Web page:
A Scientist Accidentally Developed Sunglasses That Could Correct Color Blindness

From Smithsonian Magazine

One afternoon in 2005, Don McPherson was playing ultimate Frisbee in Santa Cruz. He was wearing a pair of sunglasses, when his friend, Michael Angell, admiring his eyewear, asked to borrow them. When he put the glasses on, he was stunned by what he saw.

McPherson recalls Angell saying, with surprise, “I can see the cones,” referring to a set of orange traffic cones nearby. What made this a startling observation was that Angell had been colorblind his whole life. The sunglasses, which McPherson, a materials scientist, had engineered, actually allowed him to see the orange hue for the first time,  and distinguish that color from the surrounding grass and concrete.

Based in Berkeley, California, McPherson, who has a PhD in glass science from Alfred University, originally specialized in creating eyewear for doctors to use as protection during laser surgery. Rare earth iron embedded in the glasses absorbed a significant amount of light, enabling surgeons to not only stay safe, but also clearly differentiate between blood and tissue during procedures.

In fact, surgeons loved the glasses so much, they began disappearing from operating rooms. This was the first indication that they could be used outside the hospital. McPherson, too, began casually wearing them, as sunglasses. “Wearing them makes all colors look incredibly saturated,” he says. “It makes the world look really bright.”

It wasn’t until Angell borrowed his sunglasses at the Frisbee game, however, that McPherson realized they could serve a broader purpose and help those who are colorblind. After making this discovery, he spent time researching colorblindness, a condition he knew very little about, and ultimately applied for a grant from the National Institutes of Health to begin conducting clinical trials.

Since then, McPherson and two colleagues, Tony Dykes and Andrew Schmeder, founded EnChroma Labs, a company dedicated to developing everyday sunglasses for the 300 million people in the world with color vision deficiency. They’ve been selling glasses, with sporty and trendy, Ray-Ban-like frames, since December 2012, at a price point ranging from $325 to $450. The EnChroma team has refined the product significantly, most recently changing the lenses from glass to a much more consumer-friendly polycarbonate in December 2014.

A pediatric version of the glasses, along with an indoor model, are next on the docket for EnChroma. For kids especially, wearing these glasses could stop the progression of their colorblindness. (EnChroma)

While it was a fortuitous discovery, McPherson emphasizes that the eventual manufacturing and execution of the product is based on years of rigorous science. The creators are constantly experimenting with new iterations. “My bike bag has about ten pairs of glasses in it, different versions,” he says.

To further bolster the effect of the glasses, Schmeder, a mathematician, created a sophisticated model of color vision in the human eye that incorporates 10,000 natural and man-made colors. Informed by this, he designed a filter for the eyewear that optimizes the way a user views this wide spectrum of hues.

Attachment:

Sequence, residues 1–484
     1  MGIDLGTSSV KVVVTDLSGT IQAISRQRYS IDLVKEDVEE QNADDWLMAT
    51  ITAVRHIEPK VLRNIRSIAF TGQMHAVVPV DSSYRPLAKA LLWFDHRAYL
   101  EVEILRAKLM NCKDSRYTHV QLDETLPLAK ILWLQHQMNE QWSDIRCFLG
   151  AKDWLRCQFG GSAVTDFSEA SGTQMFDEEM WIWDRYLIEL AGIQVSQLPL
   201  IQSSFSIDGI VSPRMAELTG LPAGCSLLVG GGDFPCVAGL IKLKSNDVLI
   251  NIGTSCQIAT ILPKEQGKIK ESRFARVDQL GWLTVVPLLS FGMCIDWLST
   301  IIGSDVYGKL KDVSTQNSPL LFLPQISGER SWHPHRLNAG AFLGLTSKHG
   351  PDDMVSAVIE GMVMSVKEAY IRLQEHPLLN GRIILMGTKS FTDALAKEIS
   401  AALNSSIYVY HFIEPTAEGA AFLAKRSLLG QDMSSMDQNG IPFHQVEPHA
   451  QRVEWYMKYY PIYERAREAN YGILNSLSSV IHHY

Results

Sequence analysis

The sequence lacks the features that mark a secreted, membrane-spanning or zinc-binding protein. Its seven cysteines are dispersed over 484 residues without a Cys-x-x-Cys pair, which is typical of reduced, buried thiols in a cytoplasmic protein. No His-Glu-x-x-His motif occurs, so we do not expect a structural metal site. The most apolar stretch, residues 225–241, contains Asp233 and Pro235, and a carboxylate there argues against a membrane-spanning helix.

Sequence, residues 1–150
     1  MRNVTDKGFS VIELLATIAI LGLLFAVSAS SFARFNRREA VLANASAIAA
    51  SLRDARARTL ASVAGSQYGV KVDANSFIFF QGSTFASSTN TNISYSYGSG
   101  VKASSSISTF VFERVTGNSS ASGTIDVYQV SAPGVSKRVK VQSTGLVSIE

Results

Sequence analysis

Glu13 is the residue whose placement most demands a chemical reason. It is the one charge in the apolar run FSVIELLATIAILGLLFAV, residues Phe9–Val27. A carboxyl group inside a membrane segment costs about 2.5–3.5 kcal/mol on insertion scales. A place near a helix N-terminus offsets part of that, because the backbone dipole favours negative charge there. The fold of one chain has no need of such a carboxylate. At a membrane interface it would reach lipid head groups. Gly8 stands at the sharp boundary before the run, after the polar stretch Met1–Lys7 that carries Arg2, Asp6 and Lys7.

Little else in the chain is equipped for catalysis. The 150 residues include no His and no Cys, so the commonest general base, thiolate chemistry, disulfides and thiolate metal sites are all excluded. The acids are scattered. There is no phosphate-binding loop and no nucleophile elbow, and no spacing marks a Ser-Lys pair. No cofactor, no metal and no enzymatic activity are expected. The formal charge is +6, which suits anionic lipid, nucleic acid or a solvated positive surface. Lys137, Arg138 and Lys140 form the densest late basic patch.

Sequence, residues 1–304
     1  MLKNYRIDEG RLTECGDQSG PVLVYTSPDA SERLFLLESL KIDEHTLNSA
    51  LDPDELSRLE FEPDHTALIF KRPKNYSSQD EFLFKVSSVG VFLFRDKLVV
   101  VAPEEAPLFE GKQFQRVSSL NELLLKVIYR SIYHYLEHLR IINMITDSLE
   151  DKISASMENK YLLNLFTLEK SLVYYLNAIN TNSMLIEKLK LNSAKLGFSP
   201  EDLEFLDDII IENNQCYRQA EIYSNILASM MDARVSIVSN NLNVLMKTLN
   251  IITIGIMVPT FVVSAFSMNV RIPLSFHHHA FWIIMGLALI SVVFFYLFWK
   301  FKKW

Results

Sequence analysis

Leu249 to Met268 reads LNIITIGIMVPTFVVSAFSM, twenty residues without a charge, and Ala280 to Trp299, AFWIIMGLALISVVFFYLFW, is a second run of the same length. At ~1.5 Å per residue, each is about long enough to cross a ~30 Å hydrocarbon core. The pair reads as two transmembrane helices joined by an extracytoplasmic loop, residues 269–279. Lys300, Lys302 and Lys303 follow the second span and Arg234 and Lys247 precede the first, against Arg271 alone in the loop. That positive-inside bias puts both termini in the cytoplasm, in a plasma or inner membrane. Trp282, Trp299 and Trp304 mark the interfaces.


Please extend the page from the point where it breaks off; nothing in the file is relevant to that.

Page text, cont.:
The glasses are built on fundamental vision science. McPherson explains that all people have three photopigments in the eye, also known as cones, which are sensitive to blue, green and red. Blue operates fairly independently, while the red and green cones, in most humans, overlap, affecting the perception of certain colors. For example, if 10 photons landed on the red cone and 100 landed on the green cone, the object viewed would appear more green. Whereas if an equal number of photons landed on the red and green cones, the color perceived would be yellow.

A problem arises when the red-green cones overlap too much, a condition that accounts for 99 percent of colorblindness cases. When this happens, in the previous scenario, instead of yellow, an individual would perceive little, if any color. EnChroma’s technology works by placing a band of absorption on glasses that captures light, pushing the cones away from each other and reestablishing the normal distribution of photons on them.

The company’s eyewear is able to treat up to 80 percent of the customers who come to them. The remaining 20 percent, including the writer of this recent Atlantic article, who tested the glasses, are missing an entire class of photopigments, either green or red—a condition EnChroma is not currently able to address.

This year will be a busy one for the company, which is focused on rolling out indoor versions of the glasses, a pediatric model and an online test that can help people analyze colorblindness at home. For children especially, wearing EnChroma glasses could help correct their colorblindness and prevent it from progressing further. In order to scale the product, the team is recruiting opticians and optometrists around the country to test and share the glasses with their patients.

Marc Drucker, a user who has had red-green colorblindness his whole life, now wears his sunglasses on a regular basis. “Just trying them on, it was really transformative,” he says. “It’s very strange seeing things differently for the first time in 45 years.”

McPherson says, “It still gives me goosebumps when someone bends down, and sees a flower and asks, ‘Is that lavender?’” Simple, everyday sights are markedly changed.

Drucker is looking forward to the indoor version expected to come out this spring, emphasizing the impact EnChroma glasses have had on his daily, routine activities. “They’ve changed going to the farmer’s market, simple things like cooking,” he says. “I’m looking forward to my first rainbow.”